I don’t know about you, but for me, every December is when I try to wipe my work slate clean so that next year, once and for all, I become the good corporate citizen I aspire to be.
Come year end, nasty chores that have snuck out of sight for months meet a determined procrastinator at last. I read and delete corporate messages, I complete mandatory training, and I verify my file back-up settings.
“And don’t forget to put in your expenses!” My wife’s daily reminder slowly rose in insistence as Christmas crept nearer. December 21st, I took an envelope full of receipts, opened our Expense Report tool, then read this message:
Hmmm… done with expenses for now, I thought and went on to clean up my old email. There I found three corporate messages in growing states of alarm telling me that expenses had to be submitted by December 15th.
Why the curfew, you ask? We were transitioning Expenses to the Cloud, that’s why. Yes, much like many other organizations worldwide, Oracle is moving systems and processes into the Cloud.
In January, I returned to our Employee Self Service Cloud, with a dual purpose: get my Berlin trip reimbursed and learn from my experience as a first-time user in this part of the Oracle Cloud. After all, getting Cloud users up and running is our core business. It would be instructive to be a newbie for a change.
Well, this eat-your-own-dogfood expenses episode was quite positive. An intuitive process altogether, it took me half the time it used to take, pre-Cloud. No more submitting paper receipts in envelopes... there’s innovation for you.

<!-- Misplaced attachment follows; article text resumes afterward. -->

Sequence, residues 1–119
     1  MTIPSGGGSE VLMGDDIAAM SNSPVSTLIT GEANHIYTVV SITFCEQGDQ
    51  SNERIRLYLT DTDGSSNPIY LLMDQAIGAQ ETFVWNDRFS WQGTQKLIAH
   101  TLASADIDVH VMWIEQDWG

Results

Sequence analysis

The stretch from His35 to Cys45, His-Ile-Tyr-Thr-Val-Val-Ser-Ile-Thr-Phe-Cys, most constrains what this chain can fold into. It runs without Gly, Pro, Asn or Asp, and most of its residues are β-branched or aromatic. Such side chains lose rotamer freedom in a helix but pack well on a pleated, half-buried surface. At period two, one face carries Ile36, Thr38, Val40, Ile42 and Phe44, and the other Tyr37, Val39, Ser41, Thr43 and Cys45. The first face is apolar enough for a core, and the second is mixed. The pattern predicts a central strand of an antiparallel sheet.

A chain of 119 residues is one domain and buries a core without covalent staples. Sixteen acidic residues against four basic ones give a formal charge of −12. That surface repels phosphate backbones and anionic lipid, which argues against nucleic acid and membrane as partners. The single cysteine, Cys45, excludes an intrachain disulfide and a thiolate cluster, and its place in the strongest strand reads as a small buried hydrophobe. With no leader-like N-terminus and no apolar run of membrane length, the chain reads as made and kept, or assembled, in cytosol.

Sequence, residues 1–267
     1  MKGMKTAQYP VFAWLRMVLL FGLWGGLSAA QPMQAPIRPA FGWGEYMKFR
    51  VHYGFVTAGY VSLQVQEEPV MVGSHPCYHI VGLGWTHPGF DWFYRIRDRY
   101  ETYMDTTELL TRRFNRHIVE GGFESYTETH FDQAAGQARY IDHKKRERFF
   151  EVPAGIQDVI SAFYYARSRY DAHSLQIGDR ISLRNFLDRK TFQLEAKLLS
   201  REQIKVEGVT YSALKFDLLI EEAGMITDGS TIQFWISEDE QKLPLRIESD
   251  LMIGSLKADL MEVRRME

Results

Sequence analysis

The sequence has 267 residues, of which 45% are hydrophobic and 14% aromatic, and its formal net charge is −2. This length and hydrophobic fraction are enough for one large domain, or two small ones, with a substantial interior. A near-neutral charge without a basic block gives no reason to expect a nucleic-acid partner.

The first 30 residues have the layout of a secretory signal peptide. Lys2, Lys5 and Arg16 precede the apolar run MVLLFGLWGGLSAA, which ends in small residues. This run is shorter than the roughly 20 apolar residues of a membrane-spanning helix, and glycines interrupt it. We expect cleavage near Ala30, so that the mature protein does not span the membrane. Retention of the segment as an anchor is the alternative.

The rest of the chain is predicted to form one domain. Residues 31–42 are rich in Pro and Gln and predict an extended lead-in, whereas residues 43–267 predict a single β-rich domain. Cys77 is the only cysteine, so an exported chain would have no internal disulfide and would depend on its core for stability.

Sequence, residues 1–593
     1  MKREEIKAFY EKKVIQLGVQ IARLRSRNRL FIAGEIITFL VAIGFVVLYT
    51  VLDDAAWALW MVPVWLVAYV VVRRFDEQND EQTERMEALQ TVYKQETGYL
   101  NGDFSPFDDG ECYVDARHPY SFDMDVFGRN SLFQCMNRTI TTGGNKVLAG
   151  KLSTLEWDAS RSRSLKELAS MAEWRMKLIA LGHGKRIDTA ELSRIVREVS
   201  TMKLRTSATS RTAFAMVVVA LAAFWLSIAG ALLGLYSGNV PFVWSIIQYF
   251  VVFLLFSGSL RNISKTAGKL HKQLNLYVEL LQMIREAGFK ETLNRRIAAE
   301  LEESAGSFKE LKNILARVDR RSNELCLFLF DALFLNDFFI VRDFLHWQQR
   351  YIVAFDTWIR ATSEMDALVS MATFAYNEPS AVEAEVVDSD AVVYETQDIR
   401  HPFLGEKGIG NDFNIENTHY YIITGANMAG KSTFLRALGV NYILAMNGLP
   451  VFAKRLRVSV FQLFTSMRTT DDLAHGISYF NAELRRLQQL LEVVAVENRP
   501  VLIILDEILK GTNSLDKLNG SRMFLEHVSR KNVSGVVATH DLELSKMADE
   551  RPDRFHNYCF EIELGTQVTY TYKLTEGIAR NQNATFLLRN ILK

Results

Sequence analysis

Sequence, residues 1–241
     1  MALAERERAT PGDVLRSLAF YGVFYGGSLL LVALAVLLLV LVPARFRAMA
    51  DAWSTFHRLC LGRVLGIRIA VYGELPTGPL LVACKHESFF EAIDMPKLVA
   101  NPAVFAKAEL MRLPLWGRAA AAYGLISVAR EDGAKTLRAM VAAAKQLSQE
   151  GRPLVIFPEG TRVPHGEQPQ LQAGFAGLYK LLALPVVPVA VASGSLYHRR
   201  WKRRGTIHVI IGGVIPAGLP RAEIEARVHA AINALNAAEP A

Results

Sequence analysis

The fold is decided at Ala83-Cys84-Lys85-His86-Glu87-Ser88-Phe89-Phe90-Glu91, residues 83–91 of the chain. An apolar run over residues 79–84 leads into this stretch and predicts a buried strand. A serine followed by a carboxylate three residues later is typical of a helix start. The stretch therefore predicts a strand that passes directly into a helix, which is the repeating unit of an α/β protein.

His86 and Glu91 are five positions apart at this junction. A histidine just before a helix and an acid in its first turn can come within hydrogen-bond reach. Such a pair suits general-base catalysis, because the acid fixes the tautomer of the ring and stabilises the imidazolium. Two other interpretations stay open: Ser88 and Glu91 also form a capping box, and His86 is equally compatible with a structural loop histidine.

Any snags? A few. For instance, the system claims I used a non-corporate credit card, even though I did not. Also, when I tried to find my submitted report I did not know where to look at first.
Now this is where Guided Learning would have helped me a lot.
Guided Learning is Oracle University’s tool for quick end-user adoption in the Cloud I wrote about briefly before.
Guided Learning sits in the live application, and as an end user you invoke it only if you have a question. The tool then walks you stepwise through the Cloud application up to the completion of the process.
Think of it as a satnav for Cloud end users, who are gently informed where to take a left, or a right, or go straight, till they safely reach their destination.
So, Guided Learning helps novel users quickly find their way with little effort. Moreover, it keeps them from learning stuff they don’t need to know.
Don’t take my word for it; we have a live customer, Fujitsu, speaking to the power of the solution.
Simply put, Guided Learning can relieve you from having to ramp up extensive help desks at ‘go-live’ time. It also does a great job with every new user and every next Cloud release.
Check it out here.
Most of all, Guided Learning eases the transition to a new system for users that have something else on their minds. Instead of having to massage away resistance, the organization can focus on getting the full value out of the novel Cloud technology.
If at this point you wonder why Oracle has not yet implemented this solution in house, that makes two of us. I guess corporate just doesn’t want to overfeed the dogs.
PS: But, Toine, why publish this obvious winter tale now, in July? I’m glad you asked. Turns out I really have two major ‘clear my desk’ events every year, the other being about now. My January article drifted to the bottom of the pile, only to be rediscovered today. But that’s good, because now I can report to you that we still need to submit paper receipts (I found out the hard way). Dutch tax auditors simply insist.